“Prada is wearing this collared shirt, slacks and dress shoes.  He was there to do a devotional for us.  Dude smiles, walks over – with no warm-ups, and throws down 780 pounds and reps it fifty times.  I mean, just lifting the house:  26!  27!  28!  29!  Then he starts doing tricks and does this thing where he throws it in the air and catches it one-handed and reps it with a different hand each time.  And keep in mind, all this was going down while he did a Bible class lesson with us and was asking us questions about Galatians and stuff.  He was doing things in that weight room that weren’t humanly possible.”

But while everyone else gushes and captures his feats of strength on Instagram, George Mitchell has arrived at a different response, hypothesizing Prada may have an illicit advantage over other pastors, who more resemble the Pillsbury Dough Boy than a Greek statue.

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“When you look at this guy running around doing all this stuff, do you really think this is the byproduct of normal human ingenuity?” Mitchell asked a throng of reporters as the cameras popped.  “We’ve got to start going after some of these preachers.  We’ve got to get to the bottom of this.  When I think of a pastor, I think Reverend Camden from 7th Heaven.  My mind never takes me to the Incredible Hulk or to that orange fellow from Fantastic Four.”

The Senator’s suspicions run even deeper than originally thought, extending far beyond Prada’s gargantuan biceps.

“His sermons are uncommonly good,” Mitchell added.  “So good that I’m left wondering if any performance enhancing drugs he may be experimenting with are beginning to seep into his brainwaves and emblazon his word selection, his flow of speech.  Something’s up here.”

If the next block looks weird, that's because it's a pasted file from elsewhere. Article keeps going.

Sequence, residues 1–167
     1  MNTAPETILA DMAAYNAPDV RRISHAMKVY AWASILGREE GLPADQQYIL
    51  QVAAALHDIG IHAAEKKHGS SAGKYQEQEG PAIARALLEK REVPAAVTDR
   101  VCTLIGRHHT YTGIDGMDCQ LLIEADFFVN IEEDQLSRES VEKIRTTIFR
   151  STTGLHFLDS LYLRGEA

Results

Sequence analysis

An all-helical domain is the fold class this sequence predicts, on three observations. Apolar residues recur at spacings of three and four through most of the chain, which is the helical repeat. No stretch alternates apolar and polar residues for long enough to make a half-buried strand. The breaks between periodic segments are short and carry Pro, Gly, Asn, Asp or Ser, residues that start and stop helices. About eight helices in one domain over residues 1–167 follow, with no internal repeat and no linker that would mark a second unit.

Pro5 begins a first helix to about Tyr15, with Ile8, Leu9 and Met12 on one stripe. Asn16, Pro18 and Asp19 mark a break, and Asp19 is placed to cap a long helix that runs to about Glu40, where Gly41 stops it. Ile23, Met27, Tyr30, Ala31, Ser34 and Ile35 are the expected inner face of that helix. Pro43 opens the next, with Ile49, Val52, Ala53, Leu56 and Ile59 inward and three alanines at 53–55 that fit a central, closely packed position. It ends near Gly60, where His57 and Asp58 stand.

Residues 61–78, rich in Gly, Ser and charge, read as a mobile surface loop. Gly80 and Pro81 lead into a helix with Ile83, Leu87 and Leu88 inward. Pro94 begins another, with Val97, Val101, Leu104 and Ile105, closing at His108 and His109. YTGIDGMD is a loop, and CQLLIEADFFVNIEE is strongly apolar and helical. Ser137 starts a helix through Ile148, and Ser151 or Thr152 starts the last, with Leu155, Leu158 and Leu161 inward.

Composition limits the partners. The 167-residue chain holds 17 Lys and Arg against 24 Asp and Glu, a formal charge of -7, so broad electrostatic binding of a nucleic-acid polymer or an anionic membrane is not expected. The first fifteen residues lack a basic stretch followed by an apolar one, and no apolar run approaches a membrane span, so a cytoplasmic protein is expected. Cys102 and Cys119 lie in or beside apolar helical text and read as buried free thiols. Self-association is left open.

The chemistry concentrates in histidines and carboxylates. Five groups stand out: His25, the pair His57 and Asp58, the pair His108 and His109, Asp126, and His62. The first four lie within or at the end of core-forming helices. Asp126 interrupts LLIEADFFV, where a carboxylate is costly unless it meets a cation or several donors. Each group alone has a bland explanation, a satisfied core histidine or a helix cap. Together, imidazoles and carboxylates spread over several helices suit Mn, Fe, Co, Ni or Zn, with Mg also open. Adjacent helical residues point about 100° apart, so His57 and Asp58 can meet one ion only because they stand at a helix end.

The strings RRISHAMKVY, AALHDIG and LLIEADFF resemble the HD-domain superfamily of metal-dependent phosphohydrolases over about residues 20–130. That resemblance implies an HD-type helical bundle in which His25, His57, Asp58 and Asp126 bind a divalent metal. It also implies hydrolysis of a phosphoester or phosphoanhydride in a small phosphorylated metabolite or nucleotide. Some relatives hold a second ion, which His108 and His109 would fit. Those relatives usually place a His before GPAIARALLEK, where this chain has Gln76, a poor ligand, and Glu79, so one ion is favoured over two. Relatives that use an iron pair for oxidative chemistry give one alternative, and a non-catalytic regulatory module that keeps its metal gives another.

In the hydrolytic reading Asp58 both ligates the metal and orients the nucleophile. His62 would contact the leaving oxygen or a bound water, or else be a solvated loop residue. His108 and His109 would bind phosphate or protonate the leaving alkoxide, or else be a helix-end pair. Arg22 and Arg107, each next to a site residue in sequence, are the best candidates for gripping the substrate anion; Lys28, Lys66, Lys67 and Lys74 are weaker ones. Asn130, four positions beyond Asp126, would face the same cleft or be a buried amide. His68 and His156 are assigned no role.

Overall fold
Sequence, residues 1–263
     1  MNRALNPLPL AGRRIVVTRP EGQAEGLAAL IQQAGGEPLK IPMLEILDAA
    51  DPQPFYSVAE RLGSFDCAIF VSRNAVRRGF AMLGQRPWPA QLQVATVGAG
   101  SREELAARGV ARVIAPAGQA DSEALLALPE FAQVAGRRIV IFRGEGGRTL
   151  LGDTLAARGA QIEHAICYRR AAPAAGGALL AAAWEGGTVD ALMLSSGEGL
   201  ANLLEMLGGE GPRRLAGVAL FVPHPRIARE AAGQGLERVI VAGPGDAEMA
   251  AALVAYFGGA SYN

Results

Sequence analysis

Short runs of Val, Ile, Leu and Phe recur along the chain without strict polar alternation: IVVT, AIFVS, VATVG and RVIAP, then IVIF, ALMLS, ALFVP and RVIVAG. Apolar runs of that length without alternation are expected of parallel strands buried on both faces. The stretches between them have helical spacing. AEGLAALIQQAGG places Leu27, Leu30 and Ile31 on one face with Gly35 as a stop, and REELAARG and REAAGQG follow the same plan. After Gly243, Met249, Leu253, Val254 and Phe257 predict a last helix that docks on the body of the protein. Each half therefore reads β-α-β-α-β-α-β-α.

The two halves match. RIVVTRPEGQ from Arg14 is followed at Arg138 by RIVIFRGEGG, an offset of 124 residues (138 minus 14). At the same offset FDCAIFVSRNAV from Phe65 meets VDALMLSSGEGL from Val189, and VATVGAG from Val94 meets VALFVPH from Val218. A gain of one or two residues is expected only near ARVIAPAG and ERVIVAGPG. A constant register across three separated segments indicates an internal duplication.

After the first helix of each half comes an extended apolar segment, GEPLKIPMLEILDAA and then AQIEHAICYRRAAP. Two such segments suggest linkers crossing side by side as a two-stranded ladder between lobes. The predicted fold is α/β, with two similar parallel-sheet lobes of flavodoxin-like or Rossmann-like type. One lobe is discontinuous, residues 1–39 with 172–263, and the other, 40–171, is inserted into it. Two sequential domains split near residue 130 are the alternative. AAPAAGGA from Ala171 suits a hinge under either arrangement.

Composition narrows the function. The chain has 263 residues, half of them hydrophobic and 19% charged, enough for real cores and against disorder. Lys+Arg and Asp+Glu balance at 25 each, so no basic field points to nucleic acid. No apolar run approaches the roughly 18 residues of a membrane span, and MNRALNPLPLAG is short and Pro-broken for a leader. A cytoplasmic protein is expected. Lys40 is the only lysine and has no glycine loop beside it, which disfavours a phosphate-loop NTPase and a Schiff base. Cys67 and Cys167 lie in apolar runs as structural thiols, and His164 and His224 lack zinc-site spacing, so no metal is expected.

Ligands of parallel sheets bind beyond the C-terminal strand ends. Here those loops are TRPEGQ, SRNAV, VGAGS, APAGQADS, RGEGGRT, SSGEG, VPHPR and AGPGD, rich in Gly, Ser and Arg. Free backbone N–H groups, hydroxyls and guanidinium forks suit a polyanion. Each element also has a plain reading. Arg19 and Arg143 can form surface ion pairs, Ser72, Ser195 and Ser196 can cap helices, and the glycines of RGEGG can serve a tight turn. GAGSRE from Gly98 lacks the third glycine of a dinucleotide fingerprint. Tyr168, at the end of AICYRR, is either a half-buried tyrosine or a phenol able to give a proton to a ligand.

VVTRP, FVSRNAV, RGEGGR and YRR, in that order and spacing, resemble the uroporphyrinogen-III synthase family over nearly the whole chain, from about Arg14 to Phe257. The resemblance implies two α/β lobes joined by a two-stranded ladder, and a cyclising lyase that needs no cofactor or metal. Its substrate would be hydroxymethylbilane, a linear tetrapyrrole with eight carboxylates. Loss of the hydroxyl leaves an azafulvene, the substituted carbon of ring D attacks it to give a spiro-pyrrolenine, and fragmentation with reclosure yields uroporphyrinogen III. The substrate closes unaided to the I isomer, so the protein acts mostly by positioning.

The Senator may be onto something.  Prada’s  sermon “Life Sucks, Then You Die” garnered an unparalleled number of downloads, even by Pradain standards, logjamming Itunes and momentarily breaking the internet Sunday afternoon.

“Maaaaaan, this is crazy talk,” Heartway congregant Brendan Byrne told TMZ, Tuesday afternoon outside a Hialeah Denny’s.  “My boy Danny is clean.  You see how he always smilin’.  He’s just full of the Holy Spirit.  That’s how it’s goin’ down.  This politician needs Jesus, brah.”

As for Prada, he unabashedly welcomes any steroid and HGH test to come his way, even inviting Mitchell to be his guest at a worship service at Heartway.

“Bring it on, baby!” he shouted, amid the clamoring spectators at Equinox Gym, while casually deadlifting a soda machine while swinging upside down from the chin up bar.  “Truth fears no investigation.  This is 100% Jesus, Holy Spirit joy and perseverance.”

He then followed it up by lifting a keg of beer up and down while stepping barefoot on a trail of broken glass shards.

It remains unknown if there will be a Prada steroid hearing at Capitol Hill.  Pundits indicate any case being heard could commence as early as February 2019.

If found guilty, Prada could face a fine of $27.

The Story Behind My Mug Shots

(for spoken version read aloud by the author, click here)